2. My husband and I had an excellent dinner at Lotus Blue a couple of nights ago. We almost never have cocktails, but were intrigued by the various infusions. I don't remember what they call it, but the Sichuan peppercorn-infused gin/Campari/vermouth drink was nicely spicy and not sweet.

                          We started with a spicy chrysanthemum greens salad and razor clams with tomato and pineapple salsas. The salad was simple, spicy, fresh & delicious. We both liked the tomato salsa on the clams better than the pineapple, though that was good zipped up with a little pepper oil. The clams were a bit cooler than we would have preferred.

                          Next were the fish cross-bridge fish noodles: they brought a bowl filled with the noodles, poured in a wonderfully fragrant broth, set in a raw quail egg, and gave us a plate full of fish slices, vegetables, herbs and flower petals for us to add to be cooked by the hot broth. Luscious, light, yummy.

                          I'm glad we hadn't started with the prawns with candied olives, because I probably would have told them to cancel the other dishes and just bring me more of these. For me at least they're pretty hard to eat with chopsticks because they're whole in the shell, but it didn't matter: they were spicy, a tiny bit sweet, and absolutely delicious. The multigrain rice with mushroom and bamboo shoots accompanied it well - nicely chewy and earthy.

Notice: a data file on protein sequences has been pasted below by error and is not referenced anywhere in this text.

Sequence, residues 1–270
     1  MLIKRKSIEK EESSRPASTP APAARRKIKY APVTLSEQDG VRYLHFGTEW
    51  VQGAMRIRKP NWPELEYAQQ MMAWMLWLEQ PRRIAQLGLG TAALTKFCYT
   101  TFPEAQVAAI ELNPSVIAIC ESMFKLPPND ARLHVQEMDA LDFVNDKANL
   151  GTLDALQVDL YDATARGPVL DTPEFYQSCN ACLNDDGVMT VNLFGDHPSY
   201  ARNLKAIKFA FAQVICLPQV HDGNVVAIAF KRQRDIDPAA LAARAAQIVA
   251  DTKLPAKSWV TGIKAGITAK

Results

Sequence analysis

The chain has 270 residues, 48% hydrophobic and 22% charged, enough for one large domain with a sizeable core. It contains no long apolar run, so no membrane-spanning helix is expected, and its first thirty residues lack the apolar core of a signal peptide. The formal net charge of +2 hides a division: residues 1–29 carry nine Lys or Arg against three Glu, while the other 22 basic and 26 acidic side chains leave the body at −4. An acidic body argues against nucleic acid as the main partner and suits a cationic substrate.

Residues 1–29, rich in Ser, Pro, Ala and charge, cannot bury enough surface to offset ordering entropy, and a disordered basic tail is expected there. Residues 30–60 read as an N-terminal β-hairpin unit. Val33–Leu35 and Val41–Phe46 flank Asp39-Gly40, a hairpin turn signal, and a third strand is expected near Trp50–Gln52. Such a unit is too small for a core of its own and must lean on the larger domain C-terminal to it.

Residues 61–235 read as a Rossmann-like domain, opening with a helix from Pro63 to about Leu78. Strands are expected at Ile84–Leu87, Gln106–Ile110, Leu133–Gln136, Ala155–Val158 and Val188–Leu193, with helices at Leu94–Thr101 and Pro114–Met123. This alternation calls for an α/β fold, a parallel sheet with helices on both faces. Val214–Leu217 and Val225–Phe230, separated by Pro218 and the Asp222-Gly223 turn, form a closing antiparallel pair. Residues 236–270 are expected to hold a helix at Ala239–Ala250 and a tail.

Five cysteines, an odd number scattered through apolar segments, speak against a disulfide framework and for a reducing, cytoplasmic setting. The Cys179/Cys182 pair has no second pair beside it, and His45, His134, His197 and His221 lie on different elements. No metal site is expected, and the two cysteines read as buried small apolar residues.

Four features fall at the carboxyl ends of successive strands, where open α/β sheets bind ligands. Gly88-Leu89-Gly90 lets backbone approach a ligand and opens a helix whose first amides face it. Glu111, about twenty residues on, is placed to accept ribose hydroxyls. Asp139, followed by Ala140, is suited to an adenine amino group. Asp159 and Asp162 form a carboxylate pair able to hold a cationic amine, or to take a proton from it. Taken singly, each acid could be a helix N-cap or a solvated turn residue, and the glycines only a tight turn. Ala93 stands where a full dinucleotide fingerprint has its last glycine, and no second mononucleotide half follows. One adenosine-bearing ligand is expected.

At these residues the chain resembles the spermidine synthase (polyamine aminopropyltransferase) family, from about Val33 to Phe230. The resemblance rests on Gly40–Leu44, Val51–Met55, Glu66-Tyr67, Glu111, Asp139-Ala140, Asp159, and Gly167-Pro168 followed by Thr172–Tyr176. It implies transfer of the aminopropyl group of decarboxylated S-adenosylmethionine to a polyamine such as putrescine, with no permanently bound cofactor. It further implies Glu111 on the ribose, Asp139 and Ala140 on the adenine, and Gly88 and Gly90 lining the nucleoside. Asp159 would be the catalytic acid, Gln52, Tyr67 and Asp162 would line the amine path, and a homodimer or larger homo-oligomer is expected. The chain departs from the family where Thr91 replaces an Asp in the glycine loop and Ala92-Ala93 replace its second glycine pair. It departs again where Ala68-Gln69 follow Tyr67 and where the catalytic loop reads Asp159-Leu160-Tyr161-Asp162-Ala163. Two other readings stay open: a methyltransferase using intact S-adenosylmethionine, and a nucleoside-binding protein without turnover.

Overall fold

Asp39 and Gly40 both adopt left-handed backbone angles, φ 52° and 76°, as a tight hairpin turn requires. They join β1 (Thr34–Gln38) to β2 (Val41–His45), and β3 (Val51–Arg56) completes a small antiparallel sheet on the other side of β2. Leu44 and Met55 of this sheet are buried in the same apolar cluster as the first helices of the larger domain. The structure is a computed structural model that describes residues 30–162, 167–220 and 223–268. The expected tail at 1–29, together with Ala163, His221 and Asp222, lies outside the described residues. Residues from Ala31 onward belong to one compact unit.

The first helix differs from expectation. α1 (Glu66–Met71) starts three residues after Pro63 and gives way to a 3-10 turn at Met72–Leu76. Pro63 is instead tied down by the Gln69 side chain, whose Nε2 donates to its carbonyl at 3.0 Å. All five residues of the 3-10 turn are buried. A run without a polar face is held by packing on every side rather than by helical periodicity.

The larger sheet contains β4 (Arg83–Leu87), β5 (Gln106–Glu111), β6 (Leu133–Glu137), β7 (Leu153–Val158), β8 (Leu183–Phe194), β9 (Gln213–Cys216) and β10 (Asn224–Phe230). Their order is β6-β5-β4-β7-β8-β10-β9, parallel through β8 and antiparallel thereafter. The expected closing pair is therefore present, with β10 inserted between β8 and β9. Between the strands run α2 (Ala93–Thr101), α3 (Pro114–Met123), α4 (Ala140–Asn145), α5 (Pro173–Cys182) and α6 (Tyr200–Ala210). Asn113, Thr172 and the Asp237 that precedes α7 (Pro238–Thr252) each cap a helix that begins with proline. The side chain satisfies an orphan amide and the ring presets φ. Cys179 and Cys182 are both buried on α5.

Dessert: sticky rice pancakes filled with black sesame paste and coated with toasted sesame seeds were sticky, not sweet, quite nice -- I liked them more than my husband did. We also got some creamy & just-sweet-enough coconut tapioca pudding, which came with a ring of rose petal syrup around its edge.

                          The servers were knowledgable and friendly, though perhaps a bit unpolished.

                          All in all, we left full and satisfied. We intend to come back with more people so we can try the steam pot chicken, which the menu says serves 4.

                          -----
                          Lotus Blue
                          110 Reade St, New York, NY 10013

                          1. Just had dinner with a friend here tonight. We got the Steam Pot Chicken and the Stir-Fried Trumpet Mushrooms with Basil.

                            The Steam Pot Chicken was absolutely wonderful! The moment our server uncovered the pot, a most delightful, mouth-watering scent wafted toward us. We adored the umami-licious chicken broth and practically inhaled it. The chicken itself was stewed to falling-apart perfection. And a couple of times, I mistakenly bite off chunks of the bone because even the bones were stewed to the point of easily breaking apart. The two of us pretty much annihilated this dish all by ourselves. Even though the menu says this serves up to 4, I think it can be easily shared between only two people, especially if both enjoy chicken soup.